Each skater will be unique here and the level of tricks you will perform at each stage will be dependent on your skill set.

Stage 1:

Click here for follow along: https://youtu.be/tiG2m7gdPiA 

AAnkle Rotationshttps://youtu.be/0FebdR7WHIg 20-30 secs1-3
BSquat holdshttps://youtu.be/YjD1iqlQ0OI 20-30 secs1-3
CSupported Calf Raiseshttps://youtu.be/iDz0sRFK78s 20-30 secs1-3
DSkating: light pushing, mannys, and general rolling around2-3 mins1-3

Stage 2:

Click here for follow along: https://youtu.be/Qm-UHNl18NM 

ASquat Holdshttps://youtu.be/YjD1iqlQ0OI 20-30 secs1-3
BHip Circleshttps://youtu.be/-WJuymV1DaQ 20-30 secs1-3
CBoard Bounceshttps://youtu.be/8vZKxeLadpo 20-30 secs1-3
DBoard Swingshttps://youtu.be/-iB3jfFB_SM 20-30 secs1-3
ESkating:light popping movements/tricks at a lowered intensity, mannys, pushing and rolling around2-3 mins1-3

Stage 3:

Click here for follow along: https://youtu.be/GIqlf912op4 

ASquat Hold w Calf Bouncehttps://youtu.be/hd0AXN27C9w 20-30 secs1-3
BAdductor Side to Sidehttps://youtu.be/kUUFBoBe-j0 20-30 secs1-3
CBoard Swingshttps://youtu.be/-iB3jfFB_SM 20-30 secs1-3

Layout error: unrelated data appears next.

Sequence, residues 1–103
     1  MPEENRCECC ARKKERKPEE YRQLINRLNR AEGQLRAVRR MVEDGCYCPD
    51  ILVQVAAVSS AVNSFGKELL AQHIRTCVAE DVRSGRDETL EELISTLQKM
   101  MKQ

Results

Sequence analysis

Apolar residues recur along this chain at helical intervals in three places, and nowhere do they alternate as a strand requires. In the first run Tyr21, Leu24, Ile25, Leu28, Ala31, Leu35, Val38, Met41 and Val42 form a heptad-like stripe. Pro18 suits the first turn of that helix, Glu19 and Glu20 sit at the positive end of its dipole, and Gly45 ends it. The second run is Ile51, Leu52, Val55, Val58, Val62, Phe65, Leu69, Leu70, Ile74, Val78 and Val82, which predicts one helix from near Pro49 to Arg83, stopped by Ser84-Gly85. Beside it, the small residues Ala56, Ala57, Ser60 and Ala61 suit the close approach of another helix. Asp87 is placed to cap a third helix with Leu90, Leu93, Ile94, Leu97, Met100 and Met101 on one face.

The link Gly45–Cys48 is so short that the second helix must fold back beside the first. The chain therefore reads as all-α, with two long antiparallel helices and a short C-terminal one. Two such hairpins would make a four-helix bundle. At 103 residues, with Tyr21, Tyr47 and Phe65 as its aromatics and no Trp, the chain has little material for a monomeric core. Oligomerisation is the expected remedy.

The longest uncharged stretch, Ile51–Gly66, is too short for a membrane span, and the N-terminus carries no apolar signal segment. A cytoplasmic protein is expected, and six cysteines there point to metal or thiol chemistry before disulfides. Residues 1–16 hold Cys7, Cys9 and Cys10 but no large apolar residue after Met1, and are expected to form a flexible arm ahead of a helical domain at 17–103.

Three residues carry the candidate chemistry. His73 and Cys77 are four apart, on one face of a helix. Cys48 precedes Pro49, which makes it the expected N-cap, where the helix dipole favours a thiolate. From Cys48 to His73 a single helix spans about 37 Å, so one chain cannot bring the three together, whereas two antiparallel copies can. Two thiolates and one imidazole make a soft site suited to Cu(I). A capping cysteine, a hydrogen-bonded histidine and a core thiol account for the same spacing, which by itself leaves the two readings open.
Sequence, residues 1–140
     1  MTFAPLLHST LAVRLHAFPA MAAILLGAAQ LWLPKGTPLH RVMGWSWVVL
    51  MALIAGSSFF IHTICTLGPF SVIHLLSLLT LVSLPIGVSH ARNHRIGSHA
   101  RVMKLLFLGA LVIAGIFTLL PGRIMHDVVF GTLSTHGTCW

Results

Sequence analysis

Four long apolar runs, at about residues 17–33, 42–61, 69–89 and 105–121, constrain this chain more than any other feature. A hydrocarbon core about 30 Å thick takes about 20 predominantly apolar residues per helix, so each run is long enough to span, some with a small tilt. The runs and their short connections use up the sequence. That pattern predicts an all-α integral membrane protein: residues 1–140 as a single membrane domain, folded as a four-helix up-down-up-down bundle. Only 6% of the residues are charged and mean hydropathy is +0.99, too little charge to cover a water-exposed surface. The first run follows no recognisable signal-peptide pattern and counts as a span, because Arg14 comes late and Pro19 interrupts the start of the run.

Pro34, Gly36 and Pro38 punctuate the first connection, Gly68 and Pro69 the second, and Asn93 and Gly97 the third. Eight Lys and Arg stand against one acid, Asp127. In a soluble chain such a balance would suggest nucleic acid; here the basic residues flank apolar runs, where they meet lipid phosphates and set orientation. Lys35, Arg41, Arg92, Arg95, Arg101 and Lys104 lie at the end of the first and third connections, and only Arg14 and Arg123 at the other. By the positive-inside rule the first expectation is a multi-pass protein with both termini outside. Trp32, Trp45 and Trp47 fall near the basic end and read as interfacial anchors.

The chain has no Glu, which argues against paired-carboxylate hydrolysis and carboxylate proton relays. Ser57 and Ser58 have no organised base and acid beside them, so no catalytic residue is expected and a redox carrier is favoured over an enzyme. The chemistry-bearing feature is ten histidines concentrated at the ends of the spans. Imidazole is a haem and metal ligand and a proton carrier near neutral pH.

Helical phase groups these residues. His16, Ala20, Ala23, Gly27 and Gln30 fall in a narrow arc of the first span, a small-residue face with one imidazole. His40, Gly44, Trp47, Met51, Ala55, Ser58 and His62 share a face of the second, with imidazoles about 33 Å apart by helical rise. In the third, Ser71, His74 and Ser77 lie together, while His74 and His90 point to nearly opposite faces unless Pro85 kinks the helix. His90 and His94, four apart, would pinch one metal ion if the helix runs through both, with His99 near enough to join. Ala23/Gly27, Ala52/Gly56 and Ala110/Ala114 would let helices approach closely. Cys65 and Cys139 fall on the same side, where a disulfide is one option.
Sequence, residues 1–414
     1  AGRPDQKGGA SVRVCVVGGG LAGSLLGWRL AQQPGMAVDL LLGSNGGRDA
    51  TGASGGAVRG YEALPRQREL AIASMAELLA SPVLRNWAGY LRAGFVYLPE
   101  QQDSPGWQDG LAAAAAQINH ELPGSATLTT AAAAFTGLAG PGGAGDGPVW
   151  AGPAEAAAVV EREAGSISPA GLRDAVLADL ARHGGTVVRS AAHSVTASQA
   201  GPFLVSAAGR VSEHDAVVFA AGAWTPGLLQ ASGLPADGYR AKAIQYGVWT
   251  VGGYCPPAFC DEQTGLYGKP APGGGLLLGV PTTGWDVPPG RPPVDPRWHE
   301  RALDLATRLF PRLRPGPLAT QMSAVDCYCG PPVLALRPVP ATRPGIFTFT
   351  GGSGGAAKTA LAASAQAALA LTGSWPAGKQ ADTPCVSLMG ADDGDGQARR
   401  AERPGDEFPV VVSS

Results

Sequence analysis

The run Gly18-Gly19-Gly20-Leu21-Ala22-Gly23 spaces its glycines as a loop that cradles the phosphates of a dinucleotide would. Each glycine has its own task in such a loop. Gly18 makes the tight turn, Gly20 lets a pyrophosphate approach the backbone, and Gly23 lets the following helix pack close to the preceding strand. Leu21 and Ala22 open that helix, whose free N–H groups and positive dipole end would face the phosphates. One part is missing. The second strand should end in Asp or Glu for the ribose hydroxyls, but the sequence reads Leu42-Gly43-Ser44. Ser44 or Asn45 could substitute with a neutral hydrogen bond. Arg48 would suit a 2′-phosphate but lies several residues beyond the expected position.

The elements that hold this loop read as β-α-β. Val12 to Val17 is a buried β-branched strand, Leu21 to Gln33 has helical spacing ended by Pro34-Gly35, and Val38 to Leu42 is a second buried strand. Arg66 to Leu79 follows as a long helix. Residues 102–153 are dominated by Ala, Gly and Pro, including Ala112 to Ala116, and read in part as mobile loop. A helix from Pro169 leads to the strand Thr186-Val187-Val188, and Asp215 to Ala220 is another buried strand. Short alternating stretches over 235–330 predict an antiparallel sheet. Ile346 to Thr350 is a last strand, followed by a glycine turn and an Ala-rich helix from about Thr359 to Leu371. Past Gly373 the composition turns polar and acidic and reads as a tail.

DLeg Swings: Forwardhttps://youtu.be/KEvXqtzEpGA 20-30 secs1-3
ESkating:Increase intensity of speed and power of the tricks being performed in stage 2.2-3 mins1-3

Stage 4:

Click here for follow along:  https://youtu.be/L5VhiLowTYM 

ASquat Hold w Calf Bouncehttps://youtu.be/hd0AXN27C9w 20-30 secs1-3
BLeg Swings: Forwardhttps://youtu.be/KEvXqtzEpGA 20-30 secs1-3
CLeg Swings: Sidehttps://youtu.be/BWOwuUurOpc 20-30 secs1-3
DBoard Swingshttps://youtu.be/-iB3jfFB_SM 20-30 secs1-3
ESkating:Begin performing all your tricks at full speed, intensity, power and performance. It is still advised that you stick to tricks you are comfortable with at this stage for a little while longer before you begin working on things you want to land.

Remember, some days you can move through this process quite quickly and others it will take more time. Warm ups are a chance for you to get to know your body and when it is working optimally and at its peak. Essentially when it’s ready to push. If you pay attention in the warm up process it will give you far more feedback and education on your own body then you ever thought possible.

To see how this process goes down be sure to check out the Instagram post where I walk you through a great example of how the specific side of the warm up is done.


Hopefully this now gives you a great idea of how to warm up effectively for skating so you can reap all the benefits associated with it and keep skating injury free.

To get this entire warm up series in an easy to use app plus all the programs you will ever need for a lifetime of skate performance be sure to check out the Skateboard Strength App 📱